As many posters above have indicated, when they did comment, it either fell on deaf ears or was looked at with scowling and scorn... Most restaurant owners have big egos and don't take kindly to criticism, deserved or not.

                                                    1. re: menton1

                                                      "Most restaurant owners have big egos and don't take kindly to criticism,deserved or not."


                                                      1. re: menton1


                                                        You and i just have a different philosophy..

                                                        I am one who believes that if there is a way to make something better I try. I do not want to do a "Ah the heck with it." Just not my style. If you feel good about going to a restaurant and seeing things that you think could be done better and do nothing about it, then you and i are different. I give feedback and am glad when a M&P turns around and starts delivering good food. And I am glad to see locals employed there.

                                                        Does every chef, manager or owner listen with open ears? Of course not, but I would guess that my rate of a good conversation is in the 75-80% range. And if others have all of their comments fall on deaf ears, did you ever consider it was the way they presented the data?

                                                        If you feel comfortable in not giving feedback that is fine with me. But I will continue to make the restaurant scene a little better and yes I will continue to do my little bit to keep my neighbors in the local restaurants employed.

                                                        1. re: jfood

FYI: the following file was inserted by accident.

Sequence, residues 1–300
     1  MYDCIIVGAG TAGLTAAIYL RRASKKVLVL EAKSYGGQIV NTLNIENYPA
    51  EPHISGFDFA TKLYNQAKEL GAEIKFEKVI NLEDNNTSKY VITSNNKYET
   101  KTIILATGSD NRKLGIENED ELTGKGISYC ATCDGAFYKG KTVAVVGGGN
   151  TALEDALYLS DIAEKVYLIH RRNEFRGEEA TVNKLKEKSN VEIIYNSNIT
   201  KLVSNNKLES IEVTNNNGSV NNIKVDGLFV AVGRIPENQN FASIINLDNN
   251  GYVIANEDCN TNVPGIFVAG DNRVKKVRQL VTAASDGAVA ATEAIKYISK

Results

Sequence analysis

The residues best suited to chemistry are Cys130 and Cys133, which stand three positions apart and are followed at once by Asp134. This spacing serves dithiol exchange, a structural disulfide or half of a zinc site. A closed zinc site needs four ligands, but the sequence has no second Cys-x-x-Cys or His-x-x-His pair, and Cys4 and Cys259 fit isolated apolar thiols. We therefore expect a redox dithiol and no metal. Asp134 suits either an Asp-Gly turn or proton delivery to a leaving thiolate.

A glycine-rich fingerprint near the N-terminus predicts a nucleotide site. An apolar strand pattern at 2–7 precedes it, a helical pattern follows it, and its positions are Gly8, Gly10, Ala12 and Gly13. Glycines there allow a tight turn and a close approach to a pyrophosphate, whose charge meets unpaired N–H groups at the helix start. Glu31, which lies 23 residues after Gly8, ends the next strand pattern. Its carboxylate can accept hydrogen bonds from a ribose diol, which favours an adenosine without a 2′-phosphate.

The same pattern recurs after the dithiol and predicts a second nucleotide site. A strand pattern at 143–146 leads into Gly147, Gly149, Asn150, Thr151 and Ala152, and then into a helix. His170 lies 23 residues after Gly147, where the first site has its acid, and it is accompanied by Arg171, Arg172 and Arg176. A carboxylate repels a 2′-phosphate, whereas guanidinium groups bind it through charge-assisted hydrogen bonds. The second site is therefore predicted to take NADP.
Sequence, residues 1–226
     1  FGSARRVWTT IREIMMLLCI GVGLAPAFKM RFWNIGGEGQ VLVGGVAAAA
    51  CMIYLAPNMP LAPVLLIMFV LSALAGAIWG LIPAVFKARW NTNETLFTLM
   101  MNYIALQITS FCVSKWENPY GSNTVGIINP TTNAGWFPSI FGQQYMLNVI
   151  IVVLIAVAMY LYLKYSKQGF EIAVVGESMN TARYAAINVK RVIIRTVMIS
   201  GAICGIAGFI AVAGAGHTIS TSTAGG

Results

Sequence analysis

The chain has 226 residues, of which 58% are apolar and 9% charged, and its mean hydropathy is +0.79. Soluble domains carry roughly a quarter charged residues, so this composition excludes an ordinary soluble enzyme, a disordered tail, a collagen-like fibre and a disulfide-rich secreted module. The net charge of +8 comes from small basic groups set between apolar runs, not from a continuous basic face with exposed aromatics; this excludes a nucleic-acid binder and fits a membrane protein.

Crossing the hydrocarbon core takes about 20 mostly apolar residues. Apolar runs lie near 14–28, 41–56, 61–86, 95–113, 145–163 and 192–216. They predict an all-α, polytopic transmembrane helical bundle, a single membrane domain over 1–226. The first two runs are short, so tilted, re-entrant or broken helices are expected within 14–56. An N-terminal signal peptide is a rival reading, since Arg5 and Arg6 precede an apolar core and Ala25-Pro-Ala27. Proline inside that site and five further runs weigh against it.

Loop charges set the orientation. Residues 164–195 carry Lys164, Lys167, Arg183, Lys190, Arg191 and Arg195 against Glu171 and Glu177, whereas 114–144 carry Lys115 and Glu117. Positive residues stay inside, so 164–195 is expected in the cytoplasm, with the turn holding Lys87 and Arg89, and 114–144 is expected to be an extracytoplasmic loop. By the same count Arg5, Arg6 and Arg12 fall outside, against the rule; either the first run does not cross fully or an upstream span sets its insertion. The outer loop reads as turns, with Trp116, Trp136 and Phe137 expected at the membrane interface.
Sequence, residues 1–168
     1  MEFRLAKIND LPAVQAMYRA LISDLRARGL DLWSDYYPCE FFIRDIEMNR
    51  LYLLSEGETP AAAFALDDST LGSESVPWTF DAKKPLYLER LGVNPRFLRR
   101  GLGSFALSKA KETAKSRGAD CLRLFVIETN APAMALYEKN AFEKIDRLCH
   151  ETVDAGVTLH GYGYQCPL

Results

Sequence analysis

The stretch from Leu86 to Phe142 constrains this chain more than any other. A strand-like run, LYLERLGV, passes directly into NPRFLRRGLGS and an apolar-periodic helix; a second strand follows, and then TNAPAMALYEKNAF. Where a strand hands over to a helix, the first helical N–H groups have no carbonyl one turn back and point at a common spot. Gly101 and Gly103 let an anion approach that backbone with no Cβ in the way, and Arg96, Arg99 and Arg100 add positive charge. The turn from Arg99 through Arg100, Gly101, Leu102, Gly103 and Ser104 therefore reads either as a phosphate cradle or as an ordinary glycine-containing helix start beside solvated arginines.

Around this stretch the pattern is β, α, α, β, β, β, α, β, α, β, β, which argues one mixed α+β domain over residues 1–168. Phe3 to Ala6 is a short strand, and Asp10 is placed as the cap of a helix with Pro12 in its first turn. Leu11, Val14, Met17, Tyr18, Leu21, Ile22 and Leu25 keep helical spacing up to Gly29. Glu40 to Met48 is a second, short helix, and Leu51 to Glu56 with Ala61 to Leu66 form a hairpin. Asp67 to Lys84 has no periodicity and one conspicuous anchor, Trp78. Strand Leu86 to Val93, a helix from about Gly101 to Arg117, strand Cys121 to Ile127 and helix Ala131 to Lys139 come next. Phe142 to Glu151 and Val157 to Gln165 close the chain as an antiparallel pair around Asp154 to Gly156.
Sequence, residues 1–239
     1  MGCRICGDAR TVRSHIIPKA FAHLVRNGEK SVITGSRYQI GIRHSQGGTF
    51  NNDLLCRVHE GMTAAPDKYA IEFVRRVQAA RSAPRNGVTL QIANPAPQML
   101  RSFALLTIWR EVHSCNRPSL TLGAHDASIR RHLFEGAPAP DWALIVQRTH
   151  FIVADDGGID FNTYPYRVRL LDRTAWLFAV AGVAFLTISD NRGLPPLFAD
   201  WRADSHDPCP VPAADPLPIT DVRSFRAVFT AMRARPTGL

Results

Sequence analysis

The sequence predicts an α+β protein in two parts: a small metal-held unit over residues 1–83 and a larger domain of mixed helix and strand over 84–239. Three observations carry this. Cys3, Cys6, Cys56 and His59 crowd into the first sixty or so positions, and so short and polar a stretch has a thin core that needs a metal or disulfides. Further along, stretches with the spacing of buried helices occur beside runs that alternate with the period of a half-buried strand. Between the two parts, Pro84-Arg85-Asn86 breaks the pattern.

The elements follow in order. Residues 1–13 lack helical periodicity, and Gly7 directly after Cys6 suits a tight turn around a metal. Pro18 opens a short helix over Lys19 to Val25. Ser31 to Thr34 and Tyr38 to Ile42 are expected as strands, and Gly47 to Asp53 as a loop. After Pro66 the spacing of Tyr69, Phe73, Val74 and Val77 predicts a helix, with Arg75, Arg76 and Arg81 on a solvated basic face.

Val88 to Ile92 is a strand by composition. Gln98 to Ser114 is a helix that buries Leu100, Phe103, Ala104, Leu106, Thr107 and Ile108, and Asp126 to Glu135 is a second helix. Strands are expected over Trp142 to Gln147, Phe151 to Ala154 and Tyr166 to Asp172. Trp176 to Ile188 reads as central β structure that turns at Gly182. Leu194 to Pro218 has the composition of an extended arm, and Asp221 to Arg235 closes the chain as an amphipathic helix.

Most of us would probably report issues to restaurants we care about, but not to those we don't. Where this thread is splitting is that some seem to believe that we as customers are duty bound to report issues to all restaurants, whether we care about them or not. And I have yet to see one valid reason why that should be the case.

                                                    2. I see this as a bigger issue than just dining in a restaurant and unfortunately is a clear example of how our society is today. Too many people are unhappy with our government and yet they do nothing feeling that no one will listen to them. Obviously, one letter here or there by an individual is not going to get much attention. But letters/calls from MANY people may. Getting back to the OP, one complaint here or there will likewise not do much. But MANY complaints just may. And no, it is not your job or responsibility to tell other people how to do their job. However, that is not an excuse to do the right thing. Communicate. Give the opportunity to change. As a teacher, I am beyond frustrated with my students who are often extremely apathetic about life. They often feel they shouldn't try and change things because nothing will make a difference. This makes me incredibly sad, but guess who they learn this from? Often their parents. Start with the little things like talking to the restaurant owner... and hopefully soon we'll see some real positive changes in the larger picture.

                                                      1 Reply
                                                      1. re: NicoleFriedman

                                                        Very, very well said. Thank you for your thoughtful post :-)

                                                      2. Evidently, the OP and those that agree believe the correct response to an employee of a restaurant asking "How was everything?" is: